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The Trials of Jesus before the Crucifixion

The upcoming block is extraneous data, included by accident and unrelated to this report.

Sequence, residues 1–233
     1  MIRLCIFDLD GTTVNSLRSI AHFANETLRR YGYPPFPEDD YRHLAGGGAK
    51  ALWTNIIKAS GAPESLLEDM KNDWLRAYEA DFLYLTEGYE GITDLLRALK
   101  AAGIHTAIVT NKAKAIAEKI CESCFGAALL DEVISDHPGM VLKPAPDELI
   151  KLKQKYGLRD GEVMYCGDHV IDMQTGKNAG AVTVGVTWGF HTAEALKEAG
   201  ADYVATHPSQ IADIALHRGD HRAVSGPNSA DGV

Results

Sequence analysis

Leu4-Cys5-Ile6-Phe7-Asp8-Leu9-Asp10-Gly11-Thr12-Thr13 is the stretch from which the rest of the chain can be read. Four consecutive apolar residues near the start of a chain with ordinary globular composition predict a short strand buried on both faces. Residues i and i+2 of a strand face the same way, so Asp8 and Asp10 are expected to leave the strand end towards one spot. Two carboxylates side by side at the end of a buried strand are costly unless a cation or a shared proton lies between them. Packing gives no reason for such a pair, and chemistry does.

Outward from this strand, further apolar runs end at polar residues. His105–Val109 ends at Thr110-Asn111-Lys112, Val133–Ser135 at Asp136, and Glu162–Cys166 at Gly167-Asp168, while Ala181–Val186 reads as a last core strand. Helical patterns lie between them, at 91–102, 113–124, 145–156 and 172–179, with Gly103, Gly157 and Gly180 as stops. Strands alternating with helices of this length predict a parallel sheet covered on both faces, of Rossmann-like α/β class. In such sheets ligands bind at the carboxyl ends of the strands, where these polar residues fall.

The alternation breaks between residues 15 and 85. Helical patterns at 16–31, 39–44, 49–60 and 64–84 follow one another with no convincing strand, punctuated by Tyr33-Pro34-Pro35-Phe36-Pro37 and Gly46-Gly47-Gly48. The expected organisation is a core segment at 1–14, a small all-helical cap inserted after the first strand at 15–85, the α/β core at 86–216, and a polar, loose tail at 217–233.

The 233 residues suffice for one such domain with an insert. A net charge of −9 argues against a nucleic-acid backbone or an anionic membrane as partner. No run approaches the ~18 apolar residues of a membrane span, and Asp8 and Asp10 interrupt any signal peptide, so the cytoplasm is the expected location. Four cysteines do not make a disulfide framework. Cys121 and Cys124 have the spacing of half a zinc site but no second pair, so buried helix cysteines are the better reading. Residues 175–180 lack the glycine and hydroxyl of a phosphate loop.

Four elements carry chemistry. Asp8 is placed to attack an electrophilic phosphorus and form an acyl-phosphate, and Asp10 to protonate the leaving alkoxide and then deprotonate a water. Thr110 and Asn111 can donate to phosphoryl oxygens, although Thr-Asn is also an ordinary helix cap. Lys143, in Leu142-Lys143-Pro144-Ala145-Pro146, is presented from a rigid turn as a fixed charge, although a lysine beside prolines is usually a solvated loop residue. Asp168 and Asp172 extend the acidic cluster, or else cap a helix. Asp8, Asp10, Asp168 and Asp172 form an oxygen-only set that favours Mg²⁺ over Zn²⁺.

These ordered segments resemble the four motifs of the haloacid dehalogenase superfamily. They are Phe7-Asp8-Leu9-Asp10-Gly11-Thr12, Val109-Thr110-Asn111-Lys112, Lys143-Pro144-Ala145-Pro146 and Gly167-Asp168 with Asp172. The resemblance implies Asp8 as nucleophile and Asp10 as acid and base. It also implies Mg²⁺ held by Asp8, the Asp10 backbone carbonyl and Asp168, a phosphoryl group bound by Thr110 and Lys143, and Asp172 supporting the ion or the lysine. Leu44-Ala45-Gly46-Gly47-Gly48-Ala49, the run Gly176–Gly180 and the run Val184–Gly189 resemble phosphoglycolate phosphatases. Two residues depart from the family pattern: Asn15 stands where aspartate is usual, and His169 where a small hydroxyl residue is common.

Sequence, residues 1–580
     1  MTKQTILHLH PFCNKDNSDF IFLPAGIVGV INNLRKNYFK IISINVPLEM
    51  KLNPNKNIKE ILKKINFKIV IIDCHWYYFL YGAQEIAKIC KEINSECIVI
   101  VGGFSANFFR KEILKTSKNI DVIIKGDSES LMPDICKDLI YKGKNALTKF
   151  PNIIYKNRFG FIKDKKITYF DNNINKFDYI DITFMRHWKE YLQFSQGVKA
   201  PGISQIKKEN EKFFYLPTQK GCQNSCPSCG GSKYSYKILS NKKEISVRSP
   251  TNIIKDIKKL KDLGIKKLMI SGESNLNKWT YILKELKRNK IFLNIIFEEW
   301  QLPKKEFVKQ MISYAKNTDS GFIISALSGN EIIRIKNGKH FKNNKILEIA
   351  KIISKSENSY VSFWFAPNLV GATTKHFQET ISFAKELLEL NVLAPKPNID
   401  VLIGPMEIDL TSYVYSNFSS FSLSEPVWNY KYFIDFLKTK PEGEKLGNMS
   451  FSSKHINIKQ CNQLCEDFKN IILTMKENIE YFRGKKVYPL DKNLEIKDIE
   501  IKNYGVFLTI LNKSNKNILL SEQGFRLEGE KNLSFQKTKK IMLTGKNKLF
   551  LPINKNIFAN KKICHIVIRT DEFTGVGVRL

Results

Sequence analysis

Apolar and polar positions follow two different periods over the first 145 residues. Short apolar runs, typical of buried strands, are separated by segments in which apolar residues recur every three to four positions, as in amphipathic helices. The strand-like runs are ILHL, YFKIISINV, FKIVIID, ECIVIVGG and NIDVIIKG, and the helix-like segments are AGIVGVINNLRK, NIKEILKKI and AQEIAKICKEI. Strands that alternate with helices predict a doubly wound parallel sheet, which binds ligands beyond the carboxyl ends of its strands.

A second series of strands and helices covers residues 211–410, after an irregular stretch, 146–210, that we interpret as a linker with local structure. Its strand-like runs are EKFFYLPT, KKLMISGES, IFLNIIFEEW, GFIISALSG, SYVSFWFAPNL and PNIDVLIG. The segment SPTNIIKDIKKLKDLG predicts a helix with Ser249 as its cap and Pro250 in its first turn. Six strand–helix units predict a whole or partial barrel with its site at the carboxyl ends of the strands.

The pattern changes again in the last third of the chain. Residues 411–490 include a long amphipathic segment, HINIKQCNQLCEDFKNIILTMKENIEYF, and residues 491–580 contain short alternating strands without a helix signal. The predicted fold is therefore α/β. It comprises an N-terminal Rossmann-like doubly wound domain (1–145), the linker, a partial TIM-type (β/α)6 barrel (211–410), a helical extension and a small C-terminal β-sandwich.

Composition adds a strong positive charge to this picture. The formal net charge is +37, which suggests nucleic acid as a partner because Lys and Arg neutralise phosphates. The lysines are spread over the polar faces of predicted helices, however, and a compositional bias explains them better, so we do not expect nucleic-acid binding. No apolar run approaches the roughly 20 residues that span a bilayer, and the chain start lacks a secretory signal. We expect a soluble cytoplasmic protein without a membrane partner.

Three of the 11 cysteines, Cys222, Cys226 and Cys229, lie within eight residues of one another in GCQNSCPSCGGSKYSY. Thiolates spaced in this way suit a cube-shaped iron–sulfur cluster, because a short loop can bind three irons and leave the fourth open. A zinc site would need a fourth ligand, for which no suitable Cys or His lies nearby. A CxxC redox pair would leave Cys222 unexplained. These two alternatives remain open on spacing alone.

Before Jesus was crucified, He was put under trial several times in front of several different groups. There were religious and civic charges brought against him. The following is a sketch of the different trials. Judas left the upper room and notified the chief priests that this night he would lead them to Jesus. Soldiers from the Temple, along with Judas go to the garden and Judas betrays Jesus. Under the cover of night,, Jesus was arrested and taken to the house of Annas, who was the father in law to Caiaphas the high priest (John 18:12-14). Annas questioned Jesus concerning his disciples and his doctrine. Not happy with Jesus response, He sends Jesus to the house of Caiaphas where the chief priests, scribes and elders were all assembled (Mark 14:53). There were many false witnesses against Jesus, but their stories did not match up. Caiaphas questions Jesus “…tell us whether thou be the Christ, the Son of God.” Jesus finally responds to Caiaphas with “Thou has said.” Caiaphas rends his garments and charges Jesus with blasphemy in the presence of the Council. They wanted Jesus dead, but being under the rule of Rome, they had no authority to carry out the judgment. In the morning, they deliver Jesus to the Governor, Pontius Pilate (Matthew 27:2) for judgment and execution. Jesus was taken to the palace of Pontius Pilate, the Governor of Judea, serving under Emperor Tiberius, with the idea that they would charge Jesus with the civil act of sedition and turn him over to Rome to carry out their desire for His death (Matthew 27:1-2, 11-14; Mark 15:1-5; Luke 23:1-7; John 18:28-32, 33-38). Pilate interrogated Jesus, but could find no evidence of sedition, nothing worthy of condemning Jesus to death. When Pilate discovered that Jesus was from Galilee, he quickly sent him to King Herod. Herod gladly received Jesus wanting him to perform miracles before his men and himself. Tiring from questions Jesus refused to answer, Herod returned him to Pilate. For the third time, Pilate stated to the crowd that he could find no fault with him, however, being in fear of the reprisals of the religious Jews, Pilate charged Jesus with sedition and commanded that Jesus be crucified.

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